When it comes to college, figuring out what to major or minor in can be one of the most challenging parts, but crucial. Personally, I was fortunate enough to decide what I wanted to major and minor in early on in my college career. It is important to consider all academic majors to find out what you are really interested in. If you have ever thought about GIS as a degree or if you have never even heard of it, read below! I’ll give you some useful information when considering GIS as a degree from what it is, who uses it, what careers you could pursue, colleges with GIS degrees and other websites to check out! For my minor, GIS is what I chose. GIS can be a major, minor or a certificate program, at UMD at least. Look at the links below to see other colleges that offer this degree as well!

Degree in GIS

What is GIS?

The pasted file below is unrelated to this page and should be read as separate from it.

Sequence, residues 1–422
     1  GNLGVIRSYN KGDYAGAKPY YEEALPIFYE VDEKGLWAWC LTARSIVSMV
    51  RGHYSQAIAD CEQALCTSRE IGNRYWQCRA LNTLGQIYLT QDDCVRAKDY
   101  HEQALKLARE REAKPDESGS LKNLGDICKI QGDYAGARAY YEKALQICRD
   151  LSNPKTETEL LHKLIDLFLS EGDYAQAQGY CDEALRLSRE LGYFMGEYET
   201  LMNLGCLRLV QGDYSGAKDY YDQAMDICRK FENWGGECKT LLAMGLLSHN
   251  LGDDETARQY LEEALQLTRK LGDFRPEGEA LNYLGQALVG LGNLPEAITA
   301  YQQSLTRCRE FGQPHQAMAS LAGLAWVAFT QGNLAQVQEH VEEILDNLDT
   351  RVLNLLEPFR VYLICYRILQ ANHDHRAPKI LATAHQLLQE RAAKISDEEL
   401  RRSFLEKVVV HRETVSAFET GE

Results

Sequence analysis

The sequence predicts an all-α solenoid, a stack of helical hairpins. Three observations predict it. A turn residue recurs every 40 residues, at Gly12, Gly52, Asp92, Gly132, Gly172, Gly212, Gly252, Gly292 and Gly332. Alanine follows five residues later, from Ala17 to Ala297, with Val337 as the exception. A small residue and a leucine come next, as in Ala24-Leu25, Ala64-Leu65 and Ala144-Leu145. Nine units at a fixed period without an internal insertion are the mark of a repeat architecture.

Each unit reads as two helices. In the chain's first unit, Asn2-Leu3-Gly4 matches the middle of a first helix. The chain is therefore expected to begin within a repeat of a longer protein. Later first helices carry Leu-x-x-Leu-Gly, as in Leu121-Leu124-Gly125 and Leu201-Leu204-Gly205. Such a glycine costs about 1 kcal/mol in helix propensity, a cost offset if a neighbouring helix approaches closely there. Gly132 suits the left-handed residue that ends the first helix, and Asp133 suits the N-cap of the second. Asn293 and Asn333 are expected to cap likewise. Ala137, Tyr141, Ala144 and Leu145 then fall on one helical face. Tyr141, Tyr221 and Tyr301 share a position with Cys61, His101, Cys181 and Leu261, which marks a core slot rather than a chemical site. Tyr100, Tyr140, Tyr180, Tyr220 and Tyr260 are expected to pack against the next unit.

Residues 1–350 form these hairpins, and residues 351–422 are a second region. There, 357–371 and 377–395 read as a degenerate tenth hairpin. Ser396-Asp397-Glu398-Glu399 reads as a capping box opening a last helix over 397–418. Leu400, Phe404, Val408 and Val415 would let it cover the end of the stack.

Geographic information systems or science (GIS) allows us to visualize, analyze, capture, store, manage, and interpret spatial data to understand relationships or trends. GIS needs the hardware, the software, people, and organization to work. It is commonly used to make layers of data showing different variables of a location to inform decision makers and the public. One of the key components it does is help create maps, as well as charts, globes, and reports. Maps help analyze almost anything. Many of these topics can be analyzed through writing also, but showing them through maps can be worth a thousand words, without using any words. Imagine that your company wanted to figure out the best place to locate a new store that would bring in the most buyers, GIS can help with that. Imagine the DNR needs help looking at the land cover and soils beneath it, GIS can help with that. Imagine that one wanted to look at the similarities between low housing areas and crime rates, GIS can help with that. Imagine that one wanted to look at the lack of doctors and areas with high levels of HIV/AIDS, GIS can help with that. Imagine that a disaster strikes and the city needs to figure out how and where to evacuate citizens to, GIS can help with that. GIS is an extremely useful tool for many disciplines and there are a huge array of job paths to take in it. Whatever your interests are, one could pretty much find a career path in GIS that follows those interests.